Doji are important candlesticks that provide information on their own and as components of in a number of important patterns. Doji form when a security’s open and close are virtually equal. The length of the upper and lower shadows can vary and the resulting candlestick looks like a cross, inverted cross or plus sign. Alone, doji are neutral patterns. Any bullish or bearish bias is based on preceding price action and future confirmation. The word “Doji” refers to both the singular and plural form.
Ideally, but not necessarily, the open and close should be equal. While a doji with an equal open and close would be considered more robust, it is more important to capture the essence of the candlestick. Doji convey a sense of indecision or tug-of-war between buyers and sellers. Prices move above and below the opening level during the session, but close at or near the opening level. The result is a standoff. Neither bulls nor bears were able to gain control and a turning point could be developing.
Different securities have different criteria for determining the robustness of a doji. A $20 stock could form a doji with a 1/8 point difference between open and close, while a $200 stock might form one with a 1 1/4 point difference. Determining the robustness of the doji will depend on the price, recent volatility, and previous candlesticks. Relative to previous candlesticks, the doji should have a very small body that appears as a thin line. Steven Nison notes that a doji that forms among other candlesticks with small real bodies would not be considered important. However, a doji that forms among candlesticks with long real bodies would be deemed significant.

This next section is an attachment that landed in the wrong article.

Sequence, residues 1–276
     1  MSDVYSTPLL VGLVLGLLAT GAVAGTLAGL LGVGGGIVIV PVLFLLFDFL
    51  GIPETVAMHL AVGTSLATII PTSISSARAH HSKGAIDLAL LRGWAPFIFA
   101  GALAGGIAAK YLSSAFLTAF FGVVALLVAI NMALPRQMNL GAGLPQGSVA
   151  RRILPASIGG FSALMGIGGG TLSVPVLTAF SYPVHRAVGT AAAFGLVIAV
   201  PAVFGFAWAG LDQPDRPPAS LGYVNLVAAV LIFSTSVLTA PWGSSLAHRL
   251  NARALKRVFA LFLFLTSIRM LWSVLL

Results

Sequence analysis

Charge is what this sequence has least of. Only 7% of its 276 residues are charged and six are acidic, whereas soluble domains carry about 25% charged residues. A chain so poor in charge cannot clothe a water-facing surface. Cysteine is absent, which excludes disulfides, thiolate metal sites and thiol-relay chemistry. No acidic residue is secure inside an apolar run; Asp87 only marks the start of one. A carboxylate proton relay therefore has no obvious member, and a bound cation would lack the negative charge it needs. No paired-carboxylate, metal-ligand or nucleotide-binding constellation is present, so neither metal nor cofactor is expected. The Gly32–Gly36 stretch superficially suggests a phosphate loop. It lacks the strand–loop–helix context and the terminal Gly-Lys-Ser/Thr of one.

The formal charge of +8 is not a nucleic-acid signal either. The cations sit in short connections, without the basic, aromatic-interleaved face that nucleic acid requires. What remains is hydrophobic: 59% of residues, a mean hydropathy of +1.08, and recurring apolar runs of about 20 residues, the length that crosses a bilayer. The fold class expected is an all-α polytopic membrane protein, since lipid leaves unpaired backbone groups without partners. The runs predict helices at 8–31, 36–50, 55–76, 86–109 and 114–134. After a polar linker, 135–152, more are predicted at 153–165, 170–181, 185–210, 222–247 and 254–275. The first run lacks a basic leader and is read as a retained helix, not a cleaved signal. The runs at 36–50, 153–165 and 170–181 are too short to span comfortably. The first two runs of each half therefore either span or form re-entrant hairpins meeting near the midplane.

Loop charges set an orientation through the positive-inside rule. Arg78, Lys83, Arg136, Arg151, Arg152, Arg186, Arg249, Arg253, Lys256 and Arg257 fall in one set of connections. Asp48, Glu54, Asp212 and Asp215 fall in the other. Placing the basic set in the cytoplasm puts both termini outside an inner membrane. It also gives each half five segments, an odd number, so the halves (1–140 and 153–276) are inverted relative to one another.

Doji and Trend
The relevance of a doji depends on the preceding trend or preceding candlesticks. After an advance, or long white candlestick, a doji signals that the buying pressure is starting to weaken. After a decline, or long black candlestick, a doji signals that selling pressure is starting to diminish. Doji indicate that the forces of supply and demand are becoming more evenly matched and a change in trend may be near. Doji alone are not enough to mark a reversal and further confirmation may be warranted.
After an advance or long white candlestick, a doji signals that buying pressure may be diminishing and the uptrend could be nearing an end. Whereas a security can decline simply from a lack of buyers, continued buying pressure is required to sustain an uptrend. Therefore, a doji may be more significant after an uptrend or long white candlestick. Even after the doji forms, further downside is required for bearish confirmation. This may come as a gap down, long black candlestick, or decline below the long white candlestick’s open. After a long white candlestick and doji, traders should be on the alert for a potential evening doji star.
After a decline or long black candlestick, a doji indicates that selling pressure may be diminishing and the downtrend could be nearing an end. Even though the bears are starting to lose control of the decline, further strength is required to confirm any reversal. Bullish confirmation could come from a gap up, long white candlestick or advance above the long black candlestick’s open. After a long black candlestick and doji, traders should be on the alert for a potential morning doji star.
Long-legged doji have long upper and lower shadows that are almost equal in length. These doji reflect a great amount of indecision in the market. Long-legged doji indicate that prices traded well above and below the session’s opening level, but closed virtually even with the open. After a whole lot of yelling and screaming, the end result showed little change from the initial open.